A pair of lawsuits focused on trespass and environmental issues surrounding construction of a 48-inch water pipeline in Kings County are, in many ways, just a token of a much larger issue: Groundwater leaving the county, a judge noted on Friday.
“The fact that groundwater is an issue in this county isn’t disputed,” Judge Valerie Chrissakis said noting that plaintiff Tulare Lake Canal Company, controlled by J.G. Boswell Company, has referenced several other cases in which defendant Sandridge Partners has moved groundwater. Tulare Lake Canal Company attorney Leonard Herr has also repeatedly asked what water Sandridge intends to move in the line and where.
During a proceeding Friday, Chrissakis acknowledged that groundwater depletion is a serious problem and many other counties have ordinances prohibiting native groundwater from being shipped outside their borders.
“The fact is we don’t,” she said of Kings. “There are people who could have protected our county from this and, for whatever reason, they haven’t.”
But, she said, the cases before her involve trespass and whether the pipeline should come under California Environmental Quality Act (CEQA) review.
“I can’t stretch CEQA based on speculation about the potential use of the pipeline to ship groundwater out of the county,” she said.
She had been slated to rule on those trespass and CEQA issues Friday, but ran out of time to sort through the complexities of both cases.
She will try again on Monday to rule on whether to issue a preliminary injunction in the lawsuits over the Sandridge pipeline that would take water from north of Lemoore more than 13 miles south to the Blakeley Canal.
The Tulare Lake Canal Company sued Sandridge, controlled by John Vidovich, in January over the pipeline as it was about to cut through the canal, which crosses through Sandridge lands.
That initial trespass case spawned a second lawsuit in which Tulare Lake Canal Company alleged that because the Stratford Public Utilities District and Angiola Water District had some involvement in the pipeline, it was a public project that had skirted CEQA review. Private projects aren’t subject to CEQA.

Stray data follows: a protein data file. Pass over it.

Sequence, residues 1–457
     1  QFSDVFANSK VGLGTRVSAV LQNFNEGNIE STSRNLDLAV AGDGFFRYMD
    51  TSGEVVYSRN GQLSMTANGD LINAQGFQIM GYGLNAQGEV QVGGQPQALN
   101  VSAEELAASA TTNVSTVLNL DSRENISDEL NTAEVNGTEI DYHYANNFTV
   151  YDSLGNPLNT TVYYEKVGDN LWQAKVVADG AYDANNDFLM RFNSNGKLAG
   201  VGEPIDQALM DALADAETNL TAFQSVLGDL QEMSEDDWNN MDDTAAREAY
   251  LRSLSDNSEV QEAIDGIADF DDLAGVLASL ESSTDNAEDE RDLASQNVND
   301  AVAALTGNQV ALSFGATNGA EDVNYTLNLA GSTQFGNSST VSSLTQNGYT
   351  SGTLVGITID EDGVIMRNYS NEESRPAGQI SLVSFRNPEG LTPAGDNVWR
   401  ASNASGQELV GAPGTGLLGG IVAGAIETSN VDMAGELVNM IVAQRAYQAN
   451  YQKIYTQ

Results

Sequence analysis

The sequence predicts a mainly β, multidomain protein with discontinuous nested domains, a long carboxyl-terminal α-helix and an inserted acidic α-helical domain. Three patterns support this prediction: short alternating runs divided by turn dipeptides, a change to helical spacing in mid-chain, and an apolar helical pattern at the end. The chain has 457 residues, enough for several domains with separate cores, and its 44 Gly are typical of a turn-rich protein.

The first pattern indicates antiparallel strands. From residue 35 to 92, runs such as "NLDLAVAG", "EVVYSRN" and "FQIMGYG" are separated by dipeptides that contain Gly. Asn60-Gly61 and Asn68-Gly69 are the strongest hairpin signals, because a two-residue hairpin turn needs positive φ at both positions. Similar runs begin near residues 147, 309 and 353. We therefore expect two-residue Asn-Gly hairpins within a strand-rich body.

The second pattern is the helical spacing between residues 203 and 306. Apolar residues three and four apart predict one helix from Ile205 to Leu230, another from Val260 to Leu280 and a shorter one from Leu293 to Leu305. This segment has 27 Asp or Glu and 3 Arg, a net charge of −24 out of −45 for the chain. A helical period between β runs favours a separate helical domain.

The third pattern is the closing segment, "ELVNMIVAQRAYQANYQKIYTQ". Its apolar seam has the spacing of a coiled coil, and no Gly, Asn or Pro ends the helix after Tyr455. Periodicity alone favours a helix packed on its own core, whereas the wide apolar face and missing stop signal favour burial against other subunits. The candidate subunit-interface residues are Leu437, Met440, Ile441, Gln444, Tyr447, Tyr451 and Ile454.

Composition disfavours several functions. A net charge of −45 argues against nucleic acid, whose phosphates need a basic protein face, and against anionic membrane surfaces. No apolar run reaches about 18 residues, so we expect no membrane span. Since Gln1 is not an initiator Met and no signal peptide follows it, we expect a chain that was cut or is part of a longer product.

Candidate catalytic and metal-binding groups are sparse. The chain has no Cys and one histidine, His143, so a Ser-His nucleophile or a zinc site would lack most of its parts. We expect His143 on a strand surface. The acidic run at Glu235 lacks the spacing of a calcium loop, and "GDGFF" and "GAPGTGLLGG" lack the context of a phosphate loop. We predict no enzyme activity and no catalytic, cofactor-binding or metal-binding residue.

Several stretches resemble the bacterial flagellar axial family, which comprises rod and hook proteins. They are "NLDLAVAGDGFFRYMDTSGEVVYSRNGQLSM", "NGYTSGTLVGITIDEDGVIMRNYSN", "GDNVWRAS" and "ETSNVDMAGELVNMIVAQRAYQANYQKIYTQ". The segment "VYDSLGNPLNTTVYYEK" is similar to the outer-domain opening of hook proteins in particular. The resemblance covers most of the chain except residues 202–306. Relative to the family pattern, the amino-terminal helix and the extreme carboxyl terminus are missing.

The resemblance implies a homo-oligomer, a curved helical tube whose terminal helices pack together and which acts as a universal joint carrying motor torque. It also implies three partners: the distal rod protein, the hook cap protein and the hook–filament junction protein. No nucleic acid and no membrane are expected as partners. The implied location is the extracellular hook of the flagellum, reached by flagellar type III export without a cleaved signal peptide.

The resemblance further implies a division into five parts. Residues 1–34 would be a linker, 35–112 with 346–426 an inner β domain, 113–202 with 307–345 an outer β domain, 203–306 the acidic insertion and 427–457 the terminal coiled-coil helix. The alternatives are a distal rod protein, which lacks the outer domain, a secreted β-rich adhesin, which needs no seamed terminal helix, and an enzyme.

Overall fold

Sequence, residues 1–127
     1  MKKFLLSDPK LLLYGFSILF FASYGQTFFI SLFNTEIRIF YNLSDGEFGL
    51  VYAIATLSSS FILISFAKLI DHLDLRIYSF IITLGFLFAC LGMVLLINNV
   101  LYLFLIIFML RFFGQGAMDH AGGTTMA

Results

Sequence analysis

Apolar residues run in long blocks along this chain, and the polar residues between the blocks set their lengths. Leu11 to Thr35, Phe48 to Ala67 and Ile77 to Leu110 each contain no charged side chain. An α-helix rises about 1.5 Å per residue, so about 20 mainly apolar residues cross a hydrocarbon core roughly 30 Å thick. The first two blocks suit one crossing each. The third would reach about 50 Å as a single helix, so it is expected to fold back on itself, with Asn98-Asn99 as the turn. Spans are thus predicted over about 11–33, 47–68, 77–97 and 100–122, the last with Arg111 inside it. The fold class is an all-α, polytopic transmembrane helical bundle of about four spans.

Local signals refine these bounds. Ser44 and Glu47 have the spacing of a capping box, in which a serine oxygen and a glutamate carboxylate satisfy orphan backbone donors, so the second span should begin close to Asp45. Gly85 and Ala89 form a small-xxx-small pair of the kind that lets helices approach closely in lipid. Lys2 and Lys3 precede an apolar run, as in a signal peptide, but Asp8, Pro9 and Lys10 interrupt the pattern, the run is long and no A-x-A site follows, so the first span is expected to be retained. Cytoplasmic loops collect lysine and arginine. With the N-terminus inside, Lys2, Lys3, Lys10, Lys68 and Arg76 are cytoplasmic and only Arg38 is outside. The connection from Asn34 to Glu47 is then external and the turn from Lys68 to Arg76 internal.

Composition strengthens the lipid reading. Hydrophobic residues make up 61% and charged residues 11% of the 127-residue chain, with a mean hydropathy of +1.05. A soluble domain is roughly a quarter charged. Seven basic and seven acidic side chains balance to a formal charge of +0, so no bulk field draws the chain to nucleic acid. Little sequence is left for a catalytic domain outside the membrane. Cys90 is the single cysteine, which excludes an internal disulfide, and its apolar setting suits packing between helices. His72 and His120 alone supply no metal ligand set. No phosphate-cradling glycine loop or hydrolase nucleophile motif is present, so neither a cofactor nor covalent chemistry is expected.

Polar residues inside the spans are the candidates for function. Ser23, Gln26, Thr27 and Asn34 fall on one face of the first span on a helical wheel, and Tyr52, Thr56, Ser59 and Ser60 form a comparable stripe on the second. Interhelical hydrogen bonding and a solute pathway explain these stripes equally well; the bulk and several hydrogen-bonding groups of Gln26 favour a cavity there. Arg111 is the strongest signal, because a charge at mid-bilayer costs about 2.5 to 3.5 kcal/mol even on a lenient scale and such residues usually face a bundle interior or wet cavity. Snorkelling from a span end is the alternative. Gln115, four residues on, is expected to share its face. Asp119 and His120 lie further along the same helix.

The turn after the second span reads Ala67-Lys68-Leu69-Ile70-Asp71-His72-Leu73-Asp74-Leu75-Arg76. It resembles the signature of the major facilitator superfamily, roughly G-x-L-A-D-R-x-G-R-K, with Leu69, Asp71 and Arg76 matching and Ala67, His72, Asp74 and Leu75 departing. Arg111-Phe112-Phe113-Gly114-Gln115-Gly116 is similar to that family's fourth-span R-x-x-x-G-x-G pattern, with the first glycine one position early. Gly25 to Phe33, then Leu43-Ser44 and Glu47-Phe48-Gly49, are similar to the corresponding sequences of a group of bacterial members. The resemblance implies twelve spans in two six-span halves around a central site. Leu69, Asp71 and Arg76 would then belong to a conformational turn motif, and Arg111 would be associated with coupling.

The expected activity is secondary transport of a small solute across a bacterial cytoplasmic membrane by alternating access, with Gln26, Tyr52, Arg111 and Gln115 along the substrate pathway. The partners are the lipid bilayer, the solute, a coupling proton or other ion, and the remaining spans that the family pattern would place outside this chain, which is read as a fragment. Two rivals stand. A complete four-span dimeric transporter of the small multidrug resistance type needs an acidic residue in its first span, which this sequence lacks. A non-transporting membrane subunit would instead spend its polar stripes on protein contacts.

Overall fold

Early in Friday’s proceeding, Chrissakis said she would likely find that Angiola would be dropped from the CEQA case because its board of directors had passed a resolution saying the district wouldn’t dedicate any resources to the pipeline. However, Chrissakis said, she would likely find that Stratford PUD should have determined if the pipeline was a project that required CEQA review, or was exempt, prior to granting Sandridge an easement on 380 feet of its land.
But those tentative findings were set aside as the court day ended while Chrissakis was still questioning attorney’s in the trespass case about whether Tulare Lake Canal Company’s rights extend beyond a simple easement over Sandridge’s land.
The parties will reconvene Monday at 1:30 p.m.
Meanwhile, the Boswell-Vidovich water war continues on several fronts.
Sandridge has sued Boswell for allegedly “buzzing” cattle on its lands with a large helicopter in retaliation for the Sandridge pipeline, according to that lawsuit. It will come before Chrissakis May 5.
But that’s not nearly the extent of the Boswell-Vidovich water war.
Vidovich has accused Boswell of selling off or transferring its State Water Project and Kings River supplies and continuing to farm using groundwater, which could cause more subsidence in a region that has already suffered significant sinking.
The Kings River Water Association, where Boswell is a major rights holder, is suing Tulare Lake Reclamation District 761, controlled by Vidovich, for shipping its Kings River water to the Dudley Ridge Water District in western Kings County. The association contends those lands aren’t in the river’s “service area.” A trial is set for December 2022.
Boswell and Vidovich are also on opposite sides of an attempt by Semitropic Water Storage District in Kern County to gain rights to Kings River flood water. The Kern water district has claimed rights holders in the Kings River Water Association aren’t fully using the water and has applied to the State Water Resources Control Board.
If it gets that flood water, Semitropic plans to store it on land owned by Vidovich near Kettleman City, between the Blakeley Canal and California Aqueduct. Semitropic has paid him $40 million for an easement and Vidovich would also get a cut of the flood water and be allowed to use the facilities to move groundwater, per the project contract. The state Water Board began holding hearings on that issue last June.